Mistakes become mistakes only in hindsight. The mistake I made, for example, in believing in the transitory aspect of inflation stems largely from not anticipating the extended nature of the global supply issue, sure, not helped by the war in Ukraine. I also made a mistake not investing in crypto.

Did Fed forecasters really make the same mistake on inflation? I am not sure. Regardless of what they said in public, a big driver in their decision-making process must have been the recency bias: after more than a decade of unsuccessfully grappling with disinflation, the right risk-return strategy was ‘to give inflation a chance’. And now the Fed is onto a different ‘recency bias’: having gone through the painful experience of the 1970s, the right strategy for them is to kill inflation at all costs.

That’s how decisions are made in the policy world: not based on actual forecasting outcomes but on protecting awful tail events from ever happening again. To a certain extent that’s how we also make decisions about things which concern us personally, even though we employ more of a barbel strategy: long both tails of the distribution tree.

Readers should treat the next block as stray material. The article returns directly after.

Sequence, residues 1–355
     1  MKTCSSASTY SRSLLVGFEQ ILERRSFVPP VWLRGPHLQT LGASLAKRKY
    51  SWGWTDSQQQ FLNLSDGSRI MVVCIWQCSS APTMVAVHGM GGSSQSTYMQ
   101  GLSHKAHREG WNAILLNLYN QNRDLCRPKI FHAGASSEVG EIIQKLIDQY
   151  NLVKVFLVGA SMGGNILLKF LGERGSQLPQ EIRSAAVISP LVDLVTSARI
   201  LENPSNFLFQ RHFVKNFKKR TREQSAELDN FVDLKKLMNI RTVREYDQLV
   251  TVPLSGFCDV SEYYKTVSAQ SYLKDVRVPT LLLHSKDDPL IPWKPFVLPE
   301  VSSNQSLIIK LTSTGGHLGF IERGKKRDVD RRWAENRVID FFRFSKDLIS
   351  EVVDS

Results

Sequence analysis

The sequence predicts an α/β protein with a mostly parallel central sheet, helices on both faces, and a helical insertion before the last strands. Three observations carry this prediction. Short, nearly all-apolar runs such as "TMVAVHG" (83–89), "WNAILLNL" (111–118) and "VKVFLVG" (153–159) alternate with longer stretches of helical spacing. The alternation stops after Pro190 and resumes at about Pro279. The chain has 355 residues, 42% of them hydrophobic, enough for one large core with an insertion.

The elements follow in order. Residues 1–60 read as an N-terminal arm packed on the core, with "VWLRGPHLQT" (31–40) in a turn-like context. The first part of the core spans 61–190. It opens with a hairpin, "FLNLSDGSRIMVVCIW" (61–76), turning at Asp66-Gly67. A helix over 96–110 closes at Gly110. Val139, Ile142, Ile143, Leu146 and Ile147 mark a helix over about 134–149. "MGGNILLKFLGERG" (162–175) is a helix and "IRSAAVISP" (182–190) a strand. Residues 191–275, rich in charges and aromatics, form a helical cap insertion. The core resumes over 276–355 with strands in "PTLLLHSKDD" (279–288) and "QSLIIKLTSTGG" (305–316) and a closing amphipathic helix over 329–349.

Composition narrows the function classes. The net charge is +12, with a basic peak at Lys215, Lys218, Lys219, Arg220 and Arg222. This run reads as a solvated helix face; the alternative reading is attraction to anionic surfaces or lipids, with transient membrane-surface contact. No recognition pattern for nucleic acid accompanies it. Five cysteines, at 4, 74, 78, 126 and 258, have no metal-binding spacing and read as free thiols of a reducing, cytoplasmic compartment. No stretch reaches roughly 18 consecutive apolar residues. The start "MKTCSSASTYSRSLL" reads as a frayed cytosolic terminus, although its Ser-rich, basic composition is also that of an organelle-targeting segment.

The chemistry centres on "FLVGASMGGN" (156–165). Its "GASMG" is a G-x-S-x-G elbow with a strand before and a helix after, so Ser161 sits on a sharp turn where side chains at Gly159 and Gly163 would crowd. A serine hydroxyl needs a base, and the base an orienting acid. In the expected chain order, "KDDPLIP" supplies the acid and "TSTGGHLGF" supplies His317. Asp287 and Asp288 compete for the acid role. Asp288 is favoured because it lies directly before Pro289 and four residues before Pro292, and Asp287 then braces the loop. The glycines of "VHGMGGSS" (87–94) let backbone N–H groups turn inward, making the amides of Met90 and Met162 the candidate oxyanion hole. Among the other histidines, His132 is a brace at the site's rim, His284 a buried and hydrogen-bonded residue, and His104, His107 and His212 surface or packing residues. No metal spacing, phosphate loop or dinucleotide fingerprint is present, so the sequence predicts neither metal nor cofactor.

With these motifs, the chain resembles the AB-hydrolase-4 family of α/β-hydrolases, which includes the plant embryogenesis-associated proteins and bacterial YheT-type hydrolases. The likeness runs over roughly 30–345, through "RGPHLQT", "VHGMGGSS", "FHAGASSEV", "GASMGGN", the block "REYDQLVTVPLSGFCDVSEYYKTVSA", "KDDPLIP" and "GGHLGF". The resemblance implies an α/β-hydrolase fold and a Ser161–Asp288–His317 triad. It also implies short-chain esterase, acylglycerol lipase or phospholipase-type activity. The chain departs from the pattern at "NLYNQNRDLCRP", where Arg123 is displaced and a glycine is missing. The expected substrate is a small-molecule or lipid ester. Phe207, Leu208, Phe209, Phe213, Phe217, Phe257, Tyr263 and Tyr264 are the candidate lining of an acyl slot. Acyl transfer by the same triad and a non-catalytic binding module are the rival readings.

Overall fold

Take crypto and the recent developments as an example. See this story. I would say, no, the majority of the people who invested in crypto were not stupid. Most were actually quite rational but lazy. Others, though, were irresponsible.

Private investors who invested a small single digit % of their wealth in crypto were logically simply playing the lottery ticket odds. VCs, which also invested a small % of their assets in crypto entities, were also, but they were lazy to do the proper due diligence.